A divorce is a dissolution of the bonds of matrimony. You are no longer legally entangled with your spouse and cannot be called upon by society to answer for his or her actions, nor are you entitled by law to his or her earnings, assets, or accumulations.
A separation, a legal separation, is not an entity in New Jersey.
That means if someone were to come into my office and say, “I want a legal separation,” I would have to tell them there is no such thing in New Jersey.
The closest thing to a legal separation in our state is a divorce from bed and board. It accomplishes the exact same thing as a divorce except the bonds of matrimony remain in place. So, one would file a divorce complaint and go through the same process whether it is by divorce from bed and board, or an absolute divorce, which is what most people think of as divorce, and you would ultimately reach a resolution of all issues.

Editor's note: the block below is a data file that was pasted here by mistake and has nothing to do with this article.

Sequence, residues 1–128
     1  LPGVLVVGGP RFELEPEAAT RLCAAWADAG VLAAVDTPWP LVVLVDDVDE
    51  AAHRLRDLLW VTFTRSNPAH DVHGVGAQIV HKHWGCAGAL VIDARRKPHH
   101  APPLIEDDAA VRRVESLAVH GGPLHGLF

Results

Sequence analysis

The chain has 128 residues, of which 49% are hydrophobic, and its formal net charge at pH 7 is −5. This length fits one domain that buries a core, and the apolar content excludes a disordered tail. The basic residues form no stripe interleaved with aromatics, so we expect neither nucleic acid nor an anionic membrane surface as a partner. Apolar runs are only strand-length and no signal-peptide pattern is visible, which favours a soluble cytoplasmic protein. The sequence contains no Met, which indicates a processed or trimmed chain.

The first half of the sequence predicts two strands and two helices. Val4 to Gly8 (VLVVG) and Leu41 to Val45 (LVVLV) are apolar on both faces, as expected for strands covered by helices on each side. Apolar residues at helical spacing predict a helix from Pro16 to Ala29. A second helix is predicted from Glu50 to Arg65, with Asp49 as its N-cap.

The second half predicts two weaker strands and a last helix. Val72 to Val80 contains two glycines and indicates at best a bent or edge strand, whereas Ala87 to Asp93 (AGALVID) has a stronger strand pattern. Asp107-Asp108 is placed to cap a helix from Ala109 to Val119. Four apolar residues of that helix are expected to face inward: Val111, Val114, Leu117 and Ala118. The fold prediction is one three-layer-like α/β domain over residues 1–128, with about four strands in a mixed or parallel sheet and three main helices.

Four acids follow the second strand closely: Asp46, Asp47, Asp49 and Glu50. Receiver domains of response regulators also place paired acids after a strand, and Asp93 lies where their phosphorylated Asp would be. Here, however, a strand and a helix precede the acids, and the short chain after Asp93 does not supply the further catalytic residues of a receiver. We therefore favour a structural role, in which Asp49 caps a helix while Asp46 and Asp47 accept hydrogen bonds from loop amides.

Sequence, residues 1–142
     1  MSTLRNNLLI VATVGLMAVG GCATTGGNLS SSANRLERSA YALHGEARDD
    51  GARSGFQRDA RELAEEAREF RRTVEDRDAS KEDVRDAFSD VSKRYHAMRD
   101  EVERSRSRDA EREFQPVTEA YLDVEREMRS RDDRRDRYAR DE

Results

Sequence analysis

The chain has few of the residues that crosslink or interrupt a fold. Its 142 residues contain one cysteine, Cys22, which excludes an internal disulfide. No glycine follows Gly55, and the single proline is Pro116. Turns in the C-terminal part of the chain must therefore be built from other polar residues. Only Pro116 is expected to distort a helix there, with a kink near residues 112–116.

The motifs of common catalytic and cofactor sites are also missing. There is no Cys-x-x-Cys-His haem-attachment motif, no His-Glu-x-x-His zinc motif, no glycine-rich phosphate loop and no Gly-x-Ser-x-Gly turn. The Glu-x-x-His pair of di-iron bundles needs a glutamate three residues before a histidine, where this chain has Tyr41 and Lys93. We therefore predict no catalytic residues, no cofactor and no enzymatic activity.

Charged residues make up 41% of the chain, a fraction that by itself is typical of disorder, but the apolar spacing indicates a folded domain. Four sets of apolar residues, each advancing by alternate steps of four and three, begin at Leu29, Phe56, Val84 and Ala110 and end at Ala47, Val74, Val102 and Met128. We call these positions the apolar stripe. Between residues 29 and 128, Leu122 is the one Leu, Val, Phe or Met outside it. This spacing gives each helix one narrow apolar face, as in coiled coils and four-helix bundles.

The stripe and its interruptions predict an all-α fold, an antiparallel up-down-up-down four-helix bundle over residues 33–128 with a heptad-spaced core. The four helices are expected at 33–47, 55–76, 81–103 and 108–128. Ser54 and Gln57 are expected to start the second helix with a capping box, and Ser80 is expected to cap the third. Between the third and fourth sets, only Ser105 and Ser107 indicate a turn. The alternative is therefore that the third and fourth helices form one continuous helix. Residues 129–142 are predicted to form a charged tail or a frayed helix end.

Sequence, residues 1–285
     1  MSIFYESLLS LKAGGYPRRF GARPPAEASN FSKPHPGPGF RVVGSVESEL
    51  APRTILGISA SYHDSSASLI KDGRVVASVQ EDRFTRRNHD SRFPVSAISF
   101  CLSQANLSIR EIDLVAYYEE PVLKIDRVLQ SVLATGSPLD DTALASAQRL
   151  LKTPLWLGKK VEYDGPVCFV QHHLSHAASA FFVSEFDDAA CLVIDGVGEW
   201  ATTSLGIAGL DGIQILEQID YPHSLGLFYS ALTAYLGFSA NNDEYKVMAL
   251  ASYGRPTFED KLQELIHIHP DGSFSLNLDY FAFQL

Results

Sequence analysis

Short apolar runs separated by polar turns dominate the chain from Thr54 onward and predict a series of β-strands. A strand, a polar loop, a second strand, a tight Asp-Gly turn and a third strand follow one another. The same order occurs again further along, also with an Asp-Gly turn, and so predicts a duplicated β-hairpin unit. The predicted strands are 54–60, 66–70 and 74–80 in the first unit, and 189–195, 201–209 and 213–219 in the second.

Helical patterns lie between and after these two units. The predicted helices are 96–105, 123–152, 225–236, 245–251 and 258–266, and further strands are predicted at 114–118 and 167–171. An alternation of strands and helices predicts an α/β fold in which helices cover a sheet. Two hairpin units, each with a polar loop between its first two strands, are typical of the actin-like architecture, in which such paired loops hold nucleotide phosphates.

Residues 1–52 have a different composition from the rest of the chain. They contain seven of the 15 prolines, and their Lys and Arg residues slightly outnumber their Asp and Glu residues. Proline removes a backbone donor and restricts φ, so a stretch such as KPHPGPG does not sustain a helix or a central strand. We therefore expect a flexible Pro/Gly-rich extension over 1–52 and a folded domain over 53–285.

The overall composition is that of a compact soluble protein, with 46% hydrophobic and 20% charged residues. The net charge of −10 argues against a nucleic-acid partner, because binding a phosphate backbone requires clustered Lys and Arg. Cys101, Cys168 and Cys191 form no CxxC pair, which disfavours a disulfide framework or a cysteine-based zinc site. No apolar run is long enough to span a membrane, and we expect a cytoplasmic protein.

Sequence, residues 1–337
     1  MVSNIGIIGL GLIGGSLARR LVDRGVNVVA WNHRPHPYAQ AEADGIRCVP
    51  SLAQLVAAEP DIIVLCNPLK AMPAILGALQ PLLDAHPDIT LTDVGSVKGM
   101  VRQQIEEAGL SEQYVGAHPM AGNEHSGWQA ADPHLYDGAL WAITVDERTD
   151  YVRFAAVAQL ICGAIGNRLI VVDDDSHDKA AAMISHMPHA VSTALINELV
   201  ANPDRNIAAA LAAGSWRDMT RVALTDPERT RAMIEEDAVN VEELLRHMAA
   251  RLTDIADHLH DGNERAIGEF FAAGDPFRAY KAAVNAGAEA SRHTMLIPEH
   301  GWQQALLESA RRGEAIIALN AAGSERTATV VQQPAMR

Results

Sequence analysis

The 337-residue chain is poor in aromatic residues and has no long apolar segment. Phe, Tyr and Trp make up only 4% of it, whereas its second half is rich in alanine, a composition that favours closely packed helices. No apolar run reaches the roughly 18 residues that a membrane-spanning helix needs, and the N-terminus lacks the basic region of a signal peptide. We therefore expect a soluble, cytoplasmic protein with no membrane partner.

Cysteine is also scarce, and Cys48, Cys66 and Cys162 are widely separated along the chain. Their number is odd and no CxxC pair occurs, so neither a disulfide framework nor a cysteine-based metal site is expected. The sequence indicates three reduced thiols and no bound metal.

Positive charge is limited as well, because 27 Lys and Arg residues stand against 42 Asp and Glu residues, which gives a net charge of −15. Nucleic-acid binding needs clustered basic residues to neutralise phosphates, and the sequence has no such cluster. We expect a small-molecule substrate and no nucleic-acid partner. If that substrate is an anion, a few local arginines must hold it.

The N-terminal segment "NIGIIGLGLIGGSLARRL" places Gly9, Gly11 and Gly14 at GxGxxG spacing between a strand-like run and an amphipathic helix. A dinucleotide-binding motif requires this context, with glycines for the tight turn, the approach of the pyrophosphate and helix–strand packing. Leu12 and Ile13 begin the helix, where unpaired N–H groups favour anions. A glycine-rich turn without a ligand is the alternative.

But you would settle your case, draw up your terms by which you would live, and that would include all the things that you would address in a divorce action such as child custody, support for the children and spouses, distribution of assets, debt and allocation of expenses, and council fees. You would address all of those issues whether it’s by divorce, or by divorce from bed and board, however, you’re still technically and legally married.
If you wanted to remarry, you would have to convert your divorce from bed and board into an absolute divorce. That can be done by simply filing a motion, or if you have agreed with your spouse in advance as to when you’re going to do that, you would file a consent order with the court.
Allison C. Williams is a matrimonial and family law attorney serving Short Hills New Jersey. Her practice places an emphasis on complex child welfare matters. www.familylawyersnewjersey.com
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